Helpfulness is doing useful things for others – things that make a difference to them, no matter how small. It is taking the time to be thougthful, reflecting on what people truly need and assisting them respectfully. We help others by doing things they cannot do for themselves. It is often easier to give help than to receive it. It takes courage to ask for help when we need it. There is always plenty of help when we are willing to ask. When we work selflessly to benefit the lives of others, we always bless our own.


It is one of the most beautiful compensations of this life that no man can sincerely try to help another without helping himself.

— Ralph Waldo Emerson

 The Practice of Helpfulness

  • I look for ways to make life easier for others.
  • I do a service without being asked.
  • I offer support in respectful ways.
  • I give people what they need, not always what they want.
  • I allow others to be helpful to me.
  • I strive to be a blessing to others.
Definitions and practices of virtue are used with permission from the Virtues Project™.

In Family Life

In family life, the virtue of helpfulness shines as a beacon of love and support, fostering a harmonious and thriving household. Being helpful within the family unit means willingly extending a helping hand without reservation and embodying selflessness and empathy towards one another.

Whether it’s assisting with daily chores, offering a listening ear during tough times, or actively participating in each other’s endeavors, helpfulness strengthens the bonds of kinship. It builds an atmosphere of trust and compassion.

This virtue cultivates a sense of belonging and shared responsibility, fostering an environment where each family member feels valued, understood, and cared for, laying the foundation for enduring happiness and contentment within the home.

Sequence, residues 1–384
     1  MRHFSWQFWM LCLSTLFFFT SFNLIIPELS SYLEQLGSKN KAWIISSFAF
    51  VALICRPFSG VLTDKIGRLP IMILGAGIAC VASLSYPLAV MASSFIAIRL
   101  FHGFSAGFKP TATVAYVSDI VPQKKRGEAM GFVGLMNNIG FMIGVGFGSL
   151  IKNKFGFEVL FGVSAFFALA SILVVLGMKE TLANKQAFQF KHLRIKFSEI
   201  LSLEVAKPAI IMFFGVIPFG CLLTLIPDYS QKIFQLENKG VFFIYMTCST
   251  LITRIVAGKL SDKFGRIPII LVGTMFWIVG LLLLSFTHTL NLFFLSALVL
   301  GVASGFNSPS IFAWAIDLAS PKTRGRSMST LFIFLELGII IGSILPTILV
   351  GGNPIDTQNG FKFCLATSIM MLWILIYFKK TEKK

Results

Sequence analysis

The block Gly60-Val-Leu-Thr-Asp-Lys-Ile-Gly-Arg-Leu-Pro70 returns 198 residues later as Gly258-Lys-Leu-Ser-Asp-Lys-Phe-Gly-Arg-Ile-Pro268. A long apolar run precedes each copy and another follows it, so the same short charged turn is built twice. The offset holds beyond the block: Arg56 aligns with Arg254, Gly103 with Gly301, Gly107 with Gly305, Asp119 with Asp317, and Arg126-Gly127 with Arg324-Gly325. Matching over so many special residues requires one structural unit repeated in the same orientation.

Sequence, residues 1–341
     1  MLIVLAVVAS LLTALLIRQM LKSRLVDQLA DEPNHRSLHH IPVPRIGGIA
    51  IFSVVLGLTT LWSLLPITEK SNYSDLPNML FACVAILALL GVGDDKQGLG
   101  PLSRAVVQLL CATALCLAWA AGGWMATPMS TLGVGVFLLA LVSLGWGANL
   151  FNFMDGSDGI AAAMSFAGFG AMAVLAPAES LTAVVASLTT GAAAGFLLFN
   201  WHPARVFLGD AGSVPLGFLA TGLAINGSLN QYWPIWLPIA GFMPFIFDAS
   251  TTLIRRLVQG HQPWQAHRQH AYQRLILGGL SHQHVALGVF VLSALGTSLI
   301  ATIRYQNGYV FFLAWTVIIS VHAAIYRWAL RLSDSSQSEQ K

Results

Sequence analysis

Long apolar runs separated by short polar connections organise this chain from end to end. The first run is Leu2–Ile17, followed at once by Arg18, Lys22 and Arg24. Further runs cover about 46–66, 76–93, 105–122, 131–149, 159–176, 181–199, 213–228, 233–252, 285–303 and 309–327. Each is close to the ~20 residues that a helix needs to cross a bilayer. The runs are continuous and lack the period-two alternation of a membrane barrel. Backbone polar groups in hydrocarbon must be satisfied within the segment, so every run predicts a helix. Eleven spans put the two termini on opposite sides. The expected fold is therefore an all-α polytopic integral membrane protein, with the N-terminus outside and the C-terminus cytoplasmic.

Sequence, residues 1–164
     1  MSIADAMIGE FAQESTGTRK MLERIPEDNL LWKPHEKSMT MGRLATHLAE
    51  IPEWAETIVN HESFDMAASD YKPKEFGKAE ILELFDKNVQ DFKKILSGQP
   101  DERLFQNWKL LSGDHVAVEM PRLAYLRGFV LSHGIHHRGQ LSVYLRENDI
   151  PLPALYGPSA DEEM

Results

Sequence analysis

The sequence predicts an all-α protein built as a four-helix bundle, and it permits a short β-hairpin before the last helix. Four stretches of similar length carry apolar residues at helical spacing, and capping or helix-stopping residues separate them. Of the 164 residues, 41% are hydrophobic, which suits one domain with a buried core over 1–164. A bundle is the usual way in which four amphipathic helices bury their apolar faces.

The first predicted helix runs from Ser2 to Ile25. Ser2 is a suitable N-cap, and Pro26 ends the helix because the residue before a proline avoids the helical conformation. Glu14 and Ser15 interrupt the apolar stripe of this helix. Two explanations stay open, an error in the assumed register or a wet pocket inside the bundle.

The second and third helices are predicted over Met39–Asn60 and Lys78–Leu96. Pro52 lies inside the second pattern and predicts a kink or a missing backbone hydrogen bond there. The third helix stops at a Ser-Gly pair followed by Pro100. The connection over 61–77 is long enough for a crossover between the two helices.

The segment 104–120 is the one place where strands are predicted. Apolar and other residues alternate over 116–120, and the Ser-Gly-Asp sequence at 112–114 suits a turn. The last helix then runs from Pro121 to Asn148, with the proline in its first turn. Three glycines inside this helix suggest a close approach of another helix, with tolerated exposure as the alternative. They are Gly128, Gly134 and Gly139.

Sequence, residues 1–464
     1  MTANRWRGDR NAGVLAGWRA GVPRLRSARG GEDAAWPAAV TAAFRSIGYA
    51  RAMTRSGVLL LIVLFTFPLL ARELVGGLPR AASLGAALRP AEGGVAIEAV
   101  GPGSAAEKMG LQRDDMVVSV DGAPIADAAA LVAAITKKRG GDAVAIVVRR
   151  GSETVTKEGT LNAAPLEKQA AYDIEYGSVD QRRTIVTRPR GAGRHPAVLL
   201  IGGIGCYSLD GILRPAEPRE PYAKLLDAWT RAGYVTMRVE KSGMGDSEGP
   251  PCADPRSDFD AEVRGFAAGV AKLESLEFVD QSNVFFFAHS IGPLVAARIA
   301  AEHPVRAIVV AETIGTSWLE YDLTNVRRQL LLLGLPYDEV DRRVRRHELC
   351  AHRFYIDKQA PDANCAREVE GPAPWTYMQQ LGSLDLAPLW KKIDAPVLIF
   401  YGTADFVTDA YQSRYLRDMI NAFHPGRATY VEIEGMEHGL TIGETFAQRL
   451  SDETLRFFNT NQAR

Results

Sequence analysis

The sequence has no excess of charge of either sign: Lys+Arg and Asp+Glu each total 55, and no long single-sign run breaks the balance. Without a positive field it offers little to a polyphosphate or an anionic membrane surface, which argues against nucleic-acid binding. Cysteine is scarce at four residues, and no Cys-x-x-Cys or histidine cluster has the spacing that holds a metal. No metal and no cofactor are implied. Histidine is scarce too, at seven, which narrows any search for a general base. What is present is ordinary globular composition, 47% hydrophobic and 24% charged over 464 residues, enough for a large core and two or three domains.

Balancing Helpfulness

Helpfulness can make a positive difference in the lives of others and, when balanced well, ensure our well-being and personal growth. Here are some virtues that can balance the virtue of helpfulness:

  • Empathy: Developing empathy allows us to understand the needs and feelings of others better. This virtue helps us discern when our assistance is genuinely needed and welcomed, preventing us from overstepping boundaries.
  • Respect: Respecting boundaries is crucial to maintaining healthy relationships. This virtue ensures that we don’t become overly intrusive when offering help and that we honor the autonomy and decisions of others.
  • Humility: Practicing humility reminds us that we don’t have all the answers, and sometimes the best way to help is by seeking guidance or collaborating with others rather than imposing our solutions.
  • Patience: Patience is key to helping others grow and learn. Rushing or pushing too hard can hinder their development, so being patient allows for a more sustainable and supportive approach.

Finding a balance between helping others and taking care of ourselves is vital. Self-care is essential to prevent burnout and exhaustion when helping others. It reminds us that we must prioritize our well-being to be effective helpers.